Author Topic: Patton (1970)  (Read 2174 times)

Offline Antares

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Patton (1970)
« on: April 20, 2010, 01:41:33 AM »
Patton





Year: 1970
Film Studio: Twentieth Century Fox
Genre: War, Classic, Drama
Length: 171 Min.

Director
Franklin J. Schaffner (1920)

Writing
Ladislas Farago (1906)...Book "Patton: Ordeal And Triumph"
Omar N. Bradley (1893)...Book "A Soldier's Story"
Francis Ford Coppola (1939)...Screen Story
Edmund H. North (1911)...Screen Story
Francis Ford Coppola (1939)...Screenplay
Edmund H. North (1911)...Screenplay

Producer
Frank Caffey
Frank McCarthy (1912)

Cinematographer
Fred J. Koenekamp (1922)

Music
Jerry Goldsmith (1929)...Composer

Stars
George C. Scott (1927) as Gen. George S. Patton Jr.
Karl Malden (1912) as Gen. Omar N. Bradley
Stephen Young (1931) as Capt. Chester B. Hansen
Michael Strong (1918) as Brig. Gen. Hobart Carver
Carey Loftin (1914) as Gen. Bradley's driver
Albert Dumortier as Moroccan Minister
Frank Latimore (1925) as Lt. Col. Henry Davenport
Morgan Paull as Capt. Richard N. Jenson

Review
       Il nous faut de l'audace, et encore de l'audace, et toujours de l'audace was an axiom attributed to one of the bold leaders of the French Revolution, Georges Jacques Danton. It translates in English, we must dare, and again dare, and forever dare. Though it is incorrectly attributed to Friedrich the Great in the epic film Patton, it best describes the flamboyant and turbulent nature of the general whose military exploits was being depicted. George S. Patton came from a respected lineage of American warriors. His grandfather had served in the Confederate army with distinction, as did many other members of his ancestry. His upbringing was filled with stories of the great military leaders of history and this naturally set in his mind the desire to emulate them. After graduating from West Point, he got his first taste of battle at Saint-Mihiel in World War I. When the war ended, he would languish as all other career soldiers would, in the depleted peacetime army. His life would re-awaken with the attack on Pearl Harbor and the United States entry into World War II.
   
       It is here that the film begins, as the first battle fought by the U.S. Army is a resounding defeat at the Kasserine Pass at the hands of the Desert Fox, Erwin Rommel. As a result, Patton is given his first command as leader of the Army’s II Corp and would hand a defeat to the Germans at El Guettar. From there he would land in Sicily as part of a two-pronged attack by the Allies against the combined German and Italian armies. Patton’s Sicilian campaign is best remembered for two events that would alter the planning of the impending assault at Normandy the following year. First, after successfully taking Palermo through the use of end-run assaults and his own version of ‘blitzkrieg’ tactics, he took the pivotal town of Messina ahead of his rival, General Bernard Law Montgomery. His ability to maneuver and bewilder his adversary, thus gaining ground on the retreating enemy, would serve him best in France at the head of ‘Operation Cobra’, the breakout assault that destroyed the Germans will to fight in 1944.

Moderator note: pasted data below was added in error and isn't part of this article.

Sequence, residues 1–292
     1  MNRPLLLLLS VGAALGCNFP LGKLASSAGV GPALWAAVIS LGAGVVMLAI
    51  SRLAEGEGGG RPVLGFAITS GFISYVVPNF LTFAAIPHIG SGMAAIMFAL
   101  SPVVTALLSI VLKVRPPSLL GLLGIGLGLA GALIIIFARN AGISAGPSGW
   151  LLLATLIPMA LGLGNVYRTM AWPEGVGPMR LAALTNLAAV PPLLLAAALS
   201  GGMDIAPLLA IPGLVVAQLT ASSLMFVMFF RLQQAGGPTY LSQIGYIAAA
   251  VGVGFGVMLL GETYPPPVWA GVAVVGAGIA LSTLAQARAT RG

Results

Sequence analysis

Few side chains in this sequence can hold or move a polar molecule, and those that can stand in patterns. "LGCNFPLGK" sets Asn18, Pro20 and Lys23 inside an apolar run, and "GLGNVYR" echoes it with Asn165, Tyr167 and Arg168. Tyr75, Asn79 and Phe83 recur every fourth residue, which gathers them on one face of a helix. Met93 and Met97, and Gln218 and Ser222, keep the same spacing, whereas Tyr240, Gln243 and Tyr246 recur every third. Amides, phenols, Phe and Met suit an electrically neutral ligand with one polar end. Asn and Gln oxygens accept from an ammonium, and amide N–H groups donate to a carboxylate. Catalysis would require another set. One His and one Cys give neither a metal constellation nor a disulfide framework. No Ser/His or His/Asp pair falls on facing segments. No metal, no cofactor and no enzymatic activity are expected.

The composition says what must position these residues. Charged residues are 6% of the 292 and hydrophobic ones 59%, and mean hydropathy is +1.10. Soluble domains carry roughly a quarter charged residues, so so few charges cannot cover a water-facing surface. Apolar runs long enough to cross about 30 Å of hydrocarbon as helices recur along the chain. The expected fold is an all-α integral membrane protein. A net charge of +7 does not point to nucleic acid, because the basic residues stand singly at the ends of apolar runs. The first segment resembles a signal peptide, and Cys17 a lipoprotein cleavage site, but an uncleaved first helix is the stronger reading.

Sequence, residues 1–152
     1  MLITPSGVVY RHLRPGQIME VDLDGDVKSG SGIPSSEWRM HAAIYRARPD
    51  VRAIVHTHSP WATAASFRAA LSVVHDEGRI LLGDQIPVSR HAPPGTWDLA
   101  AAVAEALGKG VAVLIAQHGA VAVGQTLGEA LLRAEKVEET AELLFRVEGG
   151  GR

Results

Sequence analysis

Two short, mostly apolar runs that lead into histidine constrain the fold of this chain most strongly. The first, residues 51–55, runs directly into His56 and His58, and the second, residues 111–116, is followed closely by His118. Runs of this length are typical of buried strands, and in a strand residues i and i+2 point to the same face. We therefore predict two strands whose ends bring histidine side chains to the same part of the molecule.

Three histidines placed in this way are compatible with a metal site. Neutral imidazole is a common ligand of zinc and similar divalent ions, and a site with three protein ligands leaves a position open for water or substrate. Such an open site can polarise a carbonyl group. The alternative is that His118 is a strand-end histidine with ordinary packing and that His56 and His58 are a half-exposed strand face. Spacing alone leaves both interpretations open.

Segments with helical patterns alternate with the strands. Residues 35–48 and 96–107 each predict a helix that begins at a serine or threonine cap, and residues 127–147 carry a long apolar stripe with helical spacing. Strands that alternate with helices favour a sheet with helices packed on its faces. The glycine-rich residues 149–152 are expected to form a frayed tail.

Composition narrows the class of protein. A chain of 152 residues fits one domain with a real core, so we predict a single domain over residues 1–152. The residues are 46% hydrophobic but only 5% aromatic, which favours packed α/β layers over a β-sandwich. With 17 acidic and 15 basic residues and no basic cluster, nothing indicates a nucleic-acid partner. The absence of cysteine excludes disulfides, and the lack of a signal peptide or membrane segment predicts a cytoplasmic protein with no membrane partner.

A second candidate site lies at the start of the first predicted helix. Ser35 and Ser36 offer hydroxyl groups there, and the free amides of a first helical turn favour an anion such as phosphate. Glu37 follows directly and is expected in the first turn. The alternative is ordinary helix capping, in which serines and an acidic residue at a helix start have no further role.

The second event would have a more detrimental effect on his career. While visiting a hospital, he struck two enlisted men who were being treated for ‘battle fatigue’, an illness that Patton saw as an excuse for cowardice. The fallout from this incident would create a logistical problem for Allied Supreme leader Dwight D. Eisenhower. Patton’s military abilities were being counted on for the invasion of ‘Fortress Europe’, but with the furor over this incident, he now was contemplating sending Patton home. When Eisenhower learned through ‘Enigma’ codes that the Nazi’s were expecting Patton to lead the invasion, it was decided to build a fictitious army for Patton ‘to lead’ in an invasion of Calais, where the Nazi’s believed the invasion would take place. It was in this role that Patton would serve his army best, as the diversion of key panzer divisions to Calais allowed the Allies to grasp a foothold on Normandy.

       The film, as a whole, is a topnotch treatment of a soldier’s legacy in the Second World War. We see Patton, warts and all in this detailed depiction of a 20th century anachronism, the ultimate warrior. The only problem I had with the film and the reason I’m only giving it four stars, is its depiction of Patton’s prime rival for the glory of victory, General Montgomery. Portraying Montgomery as a whiny prima donna is an insult to the legacy of a very competent and skillful field general. While they were both insatiably driven in their efforts to garner the accolades of the press and their countrymen, without Montgomery’s efforts, I don’t believe the Allies would have found victory quite so easily.


Ratings Criterion
5 Stars - The pinnacle of film perfection and excellence.
4 ½ Stars - Not quite an immortal film, yet a masterpiece in its own right.
4 Stars - Historically important film, considered a classic.
3 ½ Stars - An entertaining film that’s fun or engaging to watch.
3 Stars – A good film that’s worth a Netflix venture.
2 ½ Stars - Borderline viewable.
2 Stars – A bad film that may have a moment of interest.
1 ½ Stars – Insipid, trite and sophomoric, and that's its good points.
1 Star – A film so vacuous, it will suck 2 hours from the remainder of your life.
½ Star - A gangrenous and festering pustule in the chronicles of celluloid.
« Last Edit: November 04, 2010, 06:27:07 PM by Antares »